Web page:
The lovely engineering masterpiece we all know as Concorde integrated many more firsts than this of course, with practically all of them well beyond the state of the art machines available at the time.
The NASA F-8 Modified was the first digital and Concorde came well before that as an analogue FBW aircraft but are we sure there weren't even earlier analogue fly-by-wire aircraft? Test flying models perhaps?
Like the modified B47 that flew with analogue FBW controls on 14 December 1967, a good two years before Concorde, there was lots of funny flight test stuff going on in the 50s and 60s.
My understanding is that a fly-by-wire system involves computer processing of control inputs in some form, and does not simply mean a control system where control signals are passed electrically (instead of mechanically or hydraulically) directly between cockpit controls and control surfaces as in the case of Concorde. Hence Concorde was not an FBW aircraft.
A fly-by-wire system can use a range of control surface combinations to achieve the commanded manouvre. The pilot can command a number of things- for example in the case of pitch control, can command pitch rate, a vertical acceleration or the traditional elevator deflection, dependent on the control law in use. At least this is how Bristol Uni are teaching it, I'd be happy to be proven otherwise. Any Airbus types out there?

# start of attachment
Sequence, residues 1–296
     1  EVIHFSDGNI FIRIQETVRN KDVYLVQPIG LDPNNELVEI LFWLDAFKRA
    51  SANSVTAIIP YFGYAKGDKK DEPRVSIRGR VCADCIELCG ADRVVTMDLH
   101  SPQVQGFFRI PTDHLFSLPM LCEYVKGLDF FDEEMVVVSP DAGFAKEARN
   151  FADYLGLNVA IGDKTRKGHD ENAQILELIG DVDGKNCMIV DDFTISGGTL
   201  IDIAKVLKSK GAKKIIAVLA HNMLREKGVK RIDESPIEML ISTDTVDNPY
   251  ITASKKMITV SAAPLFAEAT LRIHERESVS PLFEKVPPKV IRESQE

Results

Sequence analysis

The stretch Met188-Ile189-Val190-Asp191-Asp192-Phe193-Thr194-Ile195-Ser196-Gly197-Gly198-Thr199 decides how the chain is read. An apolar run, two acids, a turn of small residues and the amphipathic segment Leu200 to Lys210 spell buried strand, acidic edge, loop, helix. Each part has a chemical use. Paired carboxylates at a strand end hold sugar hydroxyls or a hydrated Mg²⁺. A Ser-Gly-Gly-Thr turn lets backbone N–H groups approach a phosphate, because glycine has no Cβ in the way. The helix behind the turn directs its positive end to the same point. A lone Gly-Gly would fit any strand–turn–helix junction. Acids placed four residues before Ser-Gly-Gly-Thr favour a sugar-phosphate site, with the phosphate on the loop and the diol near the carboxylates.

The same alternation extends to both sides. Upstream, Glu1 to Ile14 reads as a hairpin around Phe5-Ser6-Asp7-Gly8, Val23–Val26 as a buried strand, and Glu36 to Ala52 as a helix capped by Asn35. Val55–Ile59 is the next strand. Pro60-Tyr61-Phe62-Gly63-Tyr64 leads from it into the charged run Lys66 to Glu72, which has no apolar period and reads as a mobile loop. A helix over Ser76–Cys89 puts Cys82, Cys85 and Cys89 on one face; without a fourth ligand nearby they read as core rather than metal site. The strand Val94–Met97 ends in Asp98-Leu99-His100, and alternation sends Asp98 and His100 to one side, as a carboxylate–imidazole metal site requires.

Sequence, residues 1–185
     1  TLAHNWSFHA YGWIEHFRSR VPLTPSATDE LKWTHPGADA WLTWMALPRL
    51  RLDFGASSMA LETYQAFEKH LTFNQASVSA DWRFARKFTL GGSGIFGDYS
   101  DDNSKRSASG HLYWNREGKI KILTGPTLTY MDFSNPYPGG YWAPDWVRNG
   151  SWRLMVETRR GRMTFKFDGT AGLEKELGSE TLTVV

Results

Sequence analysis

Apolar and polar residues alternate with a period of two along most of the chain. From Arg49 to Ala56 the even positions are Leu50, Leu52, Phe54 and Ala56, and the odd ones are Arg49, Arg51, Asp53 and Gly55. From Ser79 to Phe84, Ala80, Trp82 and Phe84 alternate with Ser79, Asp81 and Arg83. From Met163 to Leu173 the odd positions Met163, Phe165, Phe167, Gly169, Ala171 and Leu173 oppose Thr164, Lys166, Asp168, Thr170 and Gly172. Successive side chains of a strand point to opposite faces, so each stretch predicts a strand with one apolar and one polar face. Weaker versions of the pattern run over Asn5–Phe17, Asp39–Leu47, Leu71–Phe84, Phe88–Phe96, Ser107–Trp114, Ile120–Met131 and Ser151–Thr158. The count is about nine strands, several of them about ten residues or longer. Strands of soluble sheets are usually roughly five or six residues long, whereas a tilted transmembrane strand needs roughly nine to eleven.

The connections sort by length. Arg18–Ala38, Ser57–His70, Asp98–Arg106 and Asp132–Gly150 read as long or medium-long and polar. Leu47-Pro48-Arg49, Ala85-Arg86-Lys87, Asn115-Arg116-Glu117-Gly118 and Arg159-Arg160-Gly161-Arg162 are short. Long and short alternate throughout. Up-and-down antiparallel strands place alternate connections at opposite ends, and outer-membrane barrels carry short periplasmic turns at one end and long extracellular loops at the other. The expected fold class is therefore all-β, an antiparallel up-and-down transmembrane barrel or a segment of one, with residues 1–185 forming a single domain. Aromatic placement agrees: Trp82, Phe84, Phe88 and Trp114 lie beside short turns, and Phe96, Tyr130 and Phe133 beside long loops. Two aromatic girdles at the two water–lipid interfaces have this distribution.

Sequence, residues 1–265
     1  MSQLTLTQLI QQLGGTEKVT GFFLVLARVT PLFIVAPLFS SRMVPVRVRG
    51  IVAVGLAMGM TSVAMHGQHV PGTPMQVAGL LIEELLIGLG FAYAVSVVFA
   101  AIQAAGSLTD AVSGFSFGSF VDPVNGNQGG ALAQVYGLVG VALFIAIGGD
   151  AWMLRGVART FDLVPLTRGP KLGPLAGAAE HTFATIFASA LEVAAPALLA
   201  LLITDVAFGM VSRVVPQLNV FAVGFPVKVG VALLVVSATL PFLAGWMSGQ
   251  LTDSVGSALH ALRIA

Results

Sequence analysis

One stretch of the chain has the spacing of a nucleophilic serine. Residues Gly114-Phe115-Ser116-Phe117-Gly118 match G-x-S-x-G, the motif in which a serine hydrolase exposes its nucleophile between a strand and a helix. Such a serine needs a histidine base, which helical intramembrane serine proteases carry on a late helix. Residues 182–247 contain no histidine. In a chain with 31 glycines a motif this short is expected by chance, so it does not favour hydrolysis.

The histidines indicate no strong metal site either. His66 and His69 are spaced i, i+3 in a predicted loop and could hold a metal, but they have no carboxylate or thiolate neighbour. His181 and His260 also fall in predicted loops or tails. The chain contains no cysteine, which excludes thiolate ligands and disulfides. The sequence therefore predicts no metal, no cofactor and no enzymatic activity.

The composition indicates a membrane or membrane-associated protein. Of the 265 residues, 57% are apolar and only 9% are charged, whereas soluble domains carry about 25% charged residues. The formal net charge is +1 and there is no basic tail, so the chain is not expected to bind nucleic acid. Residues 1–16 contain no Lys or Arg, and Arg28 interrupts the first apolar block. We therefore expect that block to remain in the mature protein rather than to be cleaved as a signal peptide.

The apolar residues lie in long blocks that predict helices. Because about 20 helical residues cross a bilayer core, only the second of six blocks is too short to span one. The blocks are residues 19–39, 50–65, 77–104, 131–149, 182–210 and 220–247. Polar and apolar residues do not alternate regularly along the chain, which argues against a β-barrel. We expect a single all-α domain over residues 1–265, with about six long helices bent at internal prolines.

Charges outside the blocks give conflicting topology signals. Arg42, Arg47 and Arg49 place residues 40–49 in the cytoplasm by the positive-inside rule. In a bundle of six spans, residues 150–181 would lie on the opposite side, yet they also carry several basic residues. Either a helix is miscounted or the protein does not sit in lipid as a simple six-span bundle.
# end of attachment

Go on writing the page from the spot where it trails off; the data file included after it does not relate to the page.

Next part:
I was wondering how long it would take before the Concorde would be mentioned.
stick&rudder is quite correct. The universally accepted definition of FBW is that is involves processed signals. Just because something is electrically controlled does not make it FBW. A bit of nationalistic pride seems to strectch the definition a bit.
FW190 German WWII fighter was reputably the first fully operational FBW! The pilot sat on a bullet proof box that contained the battery and the electric contol servos. The stick went down and into the box. The electric master servos (in th box) sent electric current to the control surface slave servos. There were reports that the FW190 could loose half a wing and still Fly! Blow off one aileron and the other still worked. technically there was no computer to interface the system so it was quite raw. Probably one reason why we will never see a proper one flying again, too risky these days.
Since there was no cable back-up and the system was electrically controlled only, I think that this aircraft was by definition a FBW aircraft.